In an emotional, 90-minute public conversation in a packed Page Auditorium on Friday, Duke President Richard Brodhead, Provost Sally Kornbluth and Trinity College Dean Valerie Ashby listened as students expressed frustrations that people of color and other marginalized groups feel as if they don’t belong on campus and face institutionalized racism.
Held following a series of campus episodes including defacement of a #BlackLivesMatter poster and a homophobic death threat, and amidst a growing national discussion about race on college campuses, the event was designed to have faculty, students and staff express their aspirations as a community.
In his opening remarks, Brodhead acknowledged the pain of the students. He said the entire community had a role in addressing bigotry on campus, but that the administration had a particular responsibility to use “the leverage in our power.”
“Intolerance and bigotry has no place in a university community,” Brodhead said. “It will receive no welcome. We have most talented people of every race country together in a place where they can challenge each other and inspire each other. That is our mission, but for that mission to work every person has to have the same rights and freedoms.”
The session wasn’t meant to devise solutions, although Brodhead did cite several actions taken in recent months, including changes to student orientation to deepen discussions of multicultural issues, a new faculty diversity report and creation of a task force on sexual misconduct. He said the latter task force, which reviewed university practices, rules and sanctions on sexual misconduct, would be a model for a new task force focused on bias and hate crimes on campus.
But for most of the session the three leaders listened as students listed their fears and experiences that they said belied Duke’s promise of being an inclusive community.
Henry Washington Jr., president of the Duke Black Student Alliance, asks a question of President Brodhead during the forum. Photo by Megan Mendenhall/Duke Photography
Before Brodhead spoke, the session began with more than 60 students taking the stage shouting “Whose University? Our University!” and reading a statement from a coalition of student groups. The statement acknowledged the event “represented a step forward,” but criticized leaders for holding it at noon on Friday when many students had classes. The group then marched out of Page and gathered outside the Bryan Center.
Earlier in the morning, the phrase “BlackLivesMatter” was painted on the James B. Duke statue outside of Page Auditorium. The paint was removed just before the forum began.
In the conversation that followed, African-American, Asian and LGBTQ students spoke of how on a regular basis they felt under attack, whether from derogatory comments from faculty members, editorials and op-eds in the Chronicle, or anonymous threats on Yik Yak and social media. Several cited the defacement of the #BlackLivesMatter poster and the incident this past spring when a noose was hung on the Bryan Center quad.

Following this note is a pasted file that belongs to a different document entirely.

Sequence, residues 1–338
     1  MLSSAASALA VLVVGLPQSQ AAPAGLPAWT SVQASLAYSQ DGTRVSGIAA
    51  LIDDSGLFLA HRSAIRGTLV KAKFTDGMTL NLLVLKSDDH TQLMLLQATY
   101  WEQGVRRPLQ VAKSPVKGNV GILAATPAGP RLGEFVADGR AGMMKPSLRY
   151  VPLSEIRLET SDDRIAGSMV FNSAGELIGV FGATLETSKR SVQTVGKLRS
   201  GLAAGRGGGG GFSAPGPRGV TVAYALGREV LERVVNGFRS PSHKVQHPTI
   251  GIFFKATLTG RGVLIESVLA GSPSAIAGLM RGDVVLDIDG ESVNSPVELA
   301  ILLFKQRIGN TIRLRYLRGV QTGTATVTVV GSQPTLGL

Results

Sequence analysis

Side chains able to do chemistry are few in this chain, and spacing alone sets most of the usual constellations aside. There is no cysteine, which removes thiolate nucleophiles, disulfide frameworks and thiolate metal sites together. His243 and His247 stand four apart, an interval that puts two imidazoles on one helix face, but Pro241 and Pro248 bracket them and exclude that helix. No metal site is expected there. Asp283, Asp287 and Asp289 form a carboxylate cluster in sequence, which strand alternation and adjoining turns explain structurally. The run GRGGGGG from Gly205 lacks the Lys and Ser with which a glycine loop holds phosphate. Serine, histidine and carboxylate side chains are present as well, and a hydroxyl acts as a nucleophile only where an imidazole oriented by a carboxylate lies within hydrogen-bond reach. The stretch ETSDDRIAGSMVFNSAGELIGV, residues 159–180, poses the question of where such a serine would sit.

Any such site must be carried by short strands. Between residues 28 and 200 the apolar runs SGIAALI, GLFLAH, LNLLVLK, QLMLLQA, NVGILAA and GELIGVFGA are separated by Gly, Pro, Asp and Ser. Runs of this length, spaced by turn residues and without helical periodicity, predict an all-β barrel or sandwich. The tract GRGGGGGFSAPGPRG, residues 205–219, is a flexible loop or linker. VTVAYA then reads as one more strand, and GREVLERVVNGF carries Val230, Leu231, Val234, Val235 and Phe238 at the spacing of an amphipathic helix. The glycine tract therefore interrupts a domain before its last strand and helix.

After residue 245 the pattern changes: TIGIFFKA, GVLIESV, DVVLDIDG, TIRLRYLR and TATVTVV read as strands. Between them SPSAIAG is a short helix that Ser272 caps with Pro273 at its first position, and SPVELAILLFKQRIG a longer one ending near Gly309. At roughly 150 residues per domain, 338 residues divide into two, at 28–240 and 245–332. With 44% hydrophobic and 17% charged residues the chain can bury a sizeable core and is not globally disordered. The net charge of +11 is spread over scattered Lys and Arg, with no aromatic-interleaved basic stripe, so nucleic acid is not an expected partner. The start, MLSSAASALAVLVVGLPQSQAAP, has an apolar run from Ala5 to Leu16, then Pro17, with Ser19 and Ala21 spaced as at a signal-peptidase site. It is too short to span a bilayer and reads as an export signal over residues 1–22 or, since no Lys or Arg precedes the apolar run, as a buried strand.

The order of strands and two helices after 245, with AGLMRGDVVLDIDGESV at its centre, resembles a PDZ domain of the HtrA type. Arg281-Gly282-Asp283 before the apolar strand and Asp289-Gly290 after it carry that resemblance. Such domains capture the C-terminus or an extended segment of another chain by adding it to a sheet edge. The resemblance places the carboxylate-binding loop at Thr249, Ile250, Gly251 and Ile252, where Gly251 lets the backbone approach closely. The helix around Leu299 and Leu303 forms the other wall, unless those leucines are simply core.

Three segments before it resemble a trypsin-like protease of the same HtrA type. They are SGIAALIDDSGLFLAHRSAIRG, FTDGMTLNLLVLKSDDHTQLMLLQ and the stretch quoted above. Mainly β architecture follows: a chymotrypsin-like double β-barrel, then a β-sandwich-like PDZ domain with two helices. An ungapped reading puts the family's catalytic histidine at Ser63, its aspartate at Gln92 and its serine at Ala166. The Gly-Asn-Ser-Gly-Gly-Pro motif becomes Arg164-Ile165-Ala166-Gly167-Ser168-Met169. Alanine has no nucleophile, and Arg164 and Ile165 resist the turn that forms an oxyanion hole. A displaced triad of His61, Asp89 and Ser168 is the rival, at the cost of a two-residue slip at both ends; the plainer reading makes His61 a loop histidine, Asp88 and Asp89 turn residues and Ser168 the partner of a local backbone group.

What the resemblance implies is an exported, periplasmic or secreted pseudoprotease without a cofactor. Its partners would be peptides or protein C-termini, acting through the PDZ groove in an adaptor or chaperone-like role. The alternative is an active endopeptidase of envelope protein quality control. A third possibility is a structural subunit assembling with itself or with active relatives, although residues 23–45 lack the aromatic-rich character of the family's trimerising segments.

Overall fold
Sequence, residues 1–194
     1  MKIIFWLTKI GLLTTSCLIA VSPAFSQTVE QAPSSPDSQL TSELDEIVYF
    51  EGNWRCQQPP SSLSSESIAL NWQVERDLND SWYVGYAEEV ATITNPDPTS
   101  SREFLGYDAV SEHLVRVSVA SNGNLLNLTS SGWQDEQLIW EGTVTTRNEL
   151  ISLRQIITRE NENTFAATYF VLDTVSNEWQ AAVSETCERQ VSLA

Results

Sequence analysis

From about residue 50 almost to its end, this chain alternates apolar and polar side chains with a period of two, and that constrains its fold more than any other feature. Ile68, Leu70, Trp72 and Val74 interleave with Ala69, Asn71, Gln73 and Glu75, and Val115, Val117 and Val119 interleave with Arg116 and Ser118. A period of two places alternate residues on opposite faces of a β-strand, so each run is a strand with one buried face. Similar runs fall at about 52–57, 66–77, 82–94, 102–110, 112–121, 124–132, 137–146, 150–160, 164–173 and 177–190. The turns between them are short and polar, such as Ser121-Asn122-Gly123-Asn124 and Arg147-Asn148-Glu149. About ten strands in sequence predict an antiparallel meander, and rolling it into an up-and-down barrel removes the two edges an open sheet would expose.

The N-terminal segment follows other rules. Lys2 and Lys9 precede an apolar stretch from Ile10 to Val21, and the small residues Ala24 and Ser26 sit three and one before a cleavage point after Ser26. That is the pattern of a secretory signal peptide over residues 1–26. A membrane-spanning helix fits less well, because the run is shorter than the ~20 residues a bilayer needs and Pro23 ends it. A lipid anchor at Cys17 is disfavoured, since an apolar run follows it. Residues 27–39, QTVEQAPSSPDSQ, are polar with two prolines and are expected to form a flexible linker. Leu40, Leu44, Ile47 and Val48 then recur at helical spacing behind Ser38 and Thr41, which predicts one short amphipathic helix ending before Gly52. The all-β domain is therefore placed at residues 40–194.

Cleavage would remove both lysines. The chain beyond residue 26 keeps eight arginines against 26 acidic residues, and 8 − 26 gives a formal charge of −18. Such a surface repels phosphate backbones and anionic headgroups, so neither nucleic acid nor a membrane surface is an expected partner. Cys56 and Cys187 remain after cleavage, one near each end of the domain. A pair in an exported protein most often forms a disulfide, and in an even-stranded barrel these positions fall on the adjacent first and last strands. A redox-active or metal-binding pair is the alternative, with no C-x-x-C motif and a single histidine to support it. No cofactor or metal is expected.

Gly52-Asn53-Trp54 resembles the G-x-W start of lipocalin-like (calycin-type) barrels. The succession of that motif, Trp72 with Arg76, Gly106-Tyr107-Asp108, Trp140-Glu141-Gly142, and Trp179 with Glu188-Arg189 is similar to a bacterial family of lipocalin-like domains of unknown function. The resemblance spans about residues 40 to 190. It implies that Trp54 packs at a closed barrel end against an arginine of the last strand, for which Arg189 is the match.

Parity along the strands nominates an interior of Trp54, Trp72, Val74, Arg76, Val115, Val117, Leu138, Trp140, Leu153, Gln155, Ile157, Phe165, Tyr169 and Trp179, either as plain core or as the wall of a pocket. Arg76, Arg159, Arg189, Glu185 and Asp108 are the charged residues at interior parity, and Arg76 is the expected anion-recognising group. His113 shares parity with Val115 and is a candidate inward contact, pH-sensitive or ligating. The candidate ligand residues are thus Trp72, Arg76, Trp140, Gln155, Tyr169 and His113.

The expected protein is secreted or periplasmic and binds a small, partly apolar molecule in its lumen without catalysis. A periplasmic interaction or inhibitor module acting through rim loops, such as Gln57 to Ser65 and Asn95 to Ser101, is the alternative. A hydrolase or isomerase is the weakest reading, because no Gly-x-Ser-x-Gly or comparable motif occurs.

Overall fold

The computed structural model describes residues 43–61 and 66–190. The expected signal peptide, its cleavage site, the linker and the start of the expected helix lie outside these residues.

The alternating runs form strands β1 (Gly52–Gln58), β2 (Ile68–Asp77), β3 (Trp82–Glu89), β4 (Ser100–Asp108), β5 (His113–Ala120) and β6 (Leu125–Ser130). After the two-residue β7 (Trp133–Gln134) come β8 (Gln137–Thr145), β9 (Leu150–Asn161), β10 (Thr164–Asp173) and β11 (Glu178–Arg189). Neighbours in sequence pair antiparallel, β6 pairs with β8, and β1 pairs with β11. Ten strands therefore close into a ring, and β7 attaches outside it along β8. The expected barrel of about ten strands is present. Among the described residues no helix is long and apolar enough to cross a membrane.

Several students challenged the resolution of the noose incident, which they said left wounds that have yet to heal, and they challenged why the student wasn’t expelled.
The sight of the noose on a Southern university campus raises a terrifying historical legacy that demanded a vigorous community response, Brodhead said. But he noted the incident led to multiple investigations by law enforcement agencies without charge. The university sanction came after a fair process that found that the student was not aware of its symbolic meaning.
“We have students here from all over the world,” he said, noting that federal law prevents full disclosure of all aspects of the case. “We made a charge, and the student received serious disciplinary sanction, but the student was not expelled. The process involved students and faculty sitting on the facts of the case, and they were not persuaded that the student didn’t know what he was doing. You can disagree with that, but the process was the right one. If you are ever charged, you want the people to judge you on the facts of the case and not on the passions of the community.”
Ashby, who arrived at Duke this past May from the University of North Carolina at Chapel Hill, told the students she understood that some had lost faith in the university leadership, but said she wasn’t asking them “to trust us.”
“Watch the actions we do from here on,” Ashby said. “I’ve been looking at this since May 12 [her arrival date]. I will show you I am never going to tell you we’re going to do something that we’re not going to do.”
Students said they didn’t want to suppress speech on campus, but pushed for solutions such as better training to mitigate bias in comments inside and outside the classroom and ways they can vigorously counter the ways targeted speech marginalizes them. “I don’t want any Orwellian reeducation,” said a Ph.D. student, “but we need a response when faculty target students.”
Ashby said she has gone to each Trinity department to set expectations.
“I’ve made it clear you can’t just be a great scholar to be at Duke. If you aren’t contributing to the community, you have to go. The issue you raise – it’s killing me. It’s problematic; I’m doing the best I can.”
The full video of the forum is below.